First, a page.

Genes and Cancer
Does cancer seem to run in your family? Genetic counseling can empower you with information about your cancer risks, the likelihood that your family's history of cancer is hereditary, and options for genetic testing.
If you have cancer, the ability to use your genetic makeup for a more targeted treatment plan is a strength of the HonorHealth Virginia G. Piper Cancer Center. The goal of our genetic program is to prevent cancer, or to detect it as early as possible by identifying individuals at increased risk. We also have emerging opportunities to connect your treatment to your genetic makeup.
What is genetic counseling?
Cancer genetic counseling helps you and your family understand your chance of developing cancer. Hereditary cancers occur when a person is born with a mutation (gene change) in a gene, which normally protects against cancer. Inherited risk may be passed from either parent to child. Through genetic counseling and testing, you can determine if you or your family member's cancer is hereditary or more likely to be environmental.
If a predisposition to cancer is found, the certified genetics counselor will guide you through possible changes to your health management, such as more frequent screenings or having screenings done at an earlier age. Genetic counselors are highly educated in all aspects of genetics and are trained to communicate complex concepts in understandable ways. Genetic counselors provide a critical service to you by evaluating family history, and discussing the implications, limitations, and benefits of genetic testing. HonorHealth counselors are certified by the American Board of Genetic Counseling.
Consider genetic counseling if you answer YES to any of the statements below:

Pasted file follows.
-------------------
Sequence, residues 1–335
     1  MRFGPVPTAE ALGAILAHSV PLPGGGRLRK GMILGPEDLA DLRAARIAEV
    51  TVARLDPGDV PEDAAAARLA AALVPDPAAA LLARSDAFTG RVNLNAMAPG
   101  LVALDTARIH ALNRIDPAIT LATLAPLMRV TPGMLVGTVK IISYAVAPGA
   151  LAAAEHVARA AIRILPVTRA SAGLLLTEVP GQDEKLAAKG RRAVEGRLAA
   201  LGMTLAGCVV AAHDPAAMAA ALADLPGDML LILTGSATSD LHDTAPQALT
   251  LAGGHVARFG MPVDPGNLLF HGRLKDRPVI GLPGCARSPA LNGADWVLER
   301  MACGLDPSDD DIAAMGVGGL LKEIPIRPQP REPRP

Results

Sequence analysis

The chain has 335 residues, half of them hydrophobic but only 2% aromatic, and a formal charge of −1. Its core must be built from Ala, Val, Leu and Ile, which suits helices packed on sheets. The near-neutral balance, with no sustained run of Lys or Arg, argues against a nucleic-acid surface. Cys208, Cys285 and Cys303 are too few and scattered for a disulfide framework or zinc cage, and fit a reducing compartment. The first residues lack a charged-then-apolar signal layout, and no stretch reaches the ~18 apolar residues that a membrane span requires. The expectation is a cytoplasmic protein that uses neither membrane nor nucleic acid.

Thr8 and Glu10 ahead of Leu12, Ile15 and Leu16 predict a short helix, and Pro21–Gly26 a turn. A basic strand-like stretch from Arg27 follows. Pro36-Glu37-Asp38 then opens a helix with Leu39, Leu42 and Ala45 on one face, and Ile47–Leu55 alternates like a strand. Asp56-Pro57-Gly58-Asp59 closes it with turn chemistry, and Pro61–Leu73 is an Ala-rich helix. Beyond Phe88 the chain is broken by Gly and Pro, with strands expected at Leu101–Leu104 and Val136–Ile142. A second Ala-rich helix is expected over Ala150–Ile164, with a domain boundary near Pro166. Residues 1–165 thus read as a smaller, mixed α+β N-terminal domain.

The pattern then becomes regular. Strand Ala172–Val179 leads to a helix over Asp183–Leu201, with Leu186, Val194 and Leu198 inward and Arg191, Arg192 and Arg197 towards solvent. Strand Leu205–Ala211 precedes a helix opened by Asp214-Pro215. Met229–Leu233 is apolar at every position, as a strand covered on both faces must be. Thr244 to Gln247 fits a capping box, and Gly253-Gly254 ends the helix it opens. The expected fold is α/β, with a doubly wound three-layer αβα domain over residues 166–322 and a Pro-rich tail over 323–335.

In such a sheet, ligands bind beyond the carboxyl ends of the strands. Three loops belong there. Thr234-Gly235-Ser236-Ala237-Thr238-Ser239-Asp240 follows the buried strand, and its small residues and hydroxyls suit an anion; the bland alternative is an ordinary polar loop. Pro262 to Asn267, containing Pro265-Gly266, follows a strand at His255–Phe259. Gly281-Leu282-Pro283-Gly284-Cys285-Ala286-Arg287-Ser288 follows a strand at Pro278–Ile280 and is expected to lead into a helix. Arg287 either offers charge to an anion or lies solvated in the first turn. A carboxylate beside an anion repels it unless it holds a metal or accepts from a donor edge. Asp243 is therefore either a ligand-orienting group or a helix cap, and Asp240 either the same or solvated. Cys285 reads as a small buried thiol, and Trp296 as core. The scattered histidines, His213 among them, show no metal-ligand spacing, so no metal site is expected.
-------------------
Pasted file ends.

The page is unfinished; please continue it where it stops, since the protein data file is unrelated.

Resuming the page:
- I have a personal history of cancer diagnosed under the age of 50 (not including non-melanoma skin cancer and/or cervical cancer).
- I have two or more close blood relatives on the same side of the family with a non-smoking related cancer (such as colon, uterine and/or ovarian cancer).
- I have two or more relatives on the same side of the family who have the same type of cancer (not including non-melanoma skin cancers and/or cervical cancer).
- I have a relative who had cancer before age 50.
- I have a family member who has had multiple cancers.
- I am of Ashkenazi Jewish ancestry and have a strong family history of breast and ovarian cancer.
- I have a personal and/or family history of rare cancers (such as male breast cancer or childhood sarcoma).
Do I need genetic counseling before having genetic testing?
Yes, genetic counseling is crucial to understanding the purpose, possible results and implications of a genetic test. Many genetic testing options are available; genetic counselors have the expertise and tools to choose the most appropriate genetic tests, testing laboratory, and technology for each patient. Some insurance companies require genetic counseling prior to covering a genetic test, to ensure appropriate testing.
Genetic testing involves taking a blood or a saliva sample to screen for genetic mutations related to increased risk of cancer.
Genetic testing may not be right for everyone. You will have a chance to discuss your situation with your genetic counselor before making a decision.
To make an appointment for genetic counseling call 480-882-4703 or if you have questions, please call our genetics program at 480-323-1231. We are open Monday - Friday from 8:00 a.m. - 4:30 p.m. We are conveniently located inside the Virginia G Piper Cancer Center on the 3rd floor, Suite 300.
Please note insurance coverage varies.
Most insurance companies cover the costs of genetic counseling and testing. Each insurance company has different policies regarding coverage. If you choose to have genetic testing you will be informed about any potential out-of-pocket costs or if a physician referral is required. Our team will help guide you through this process.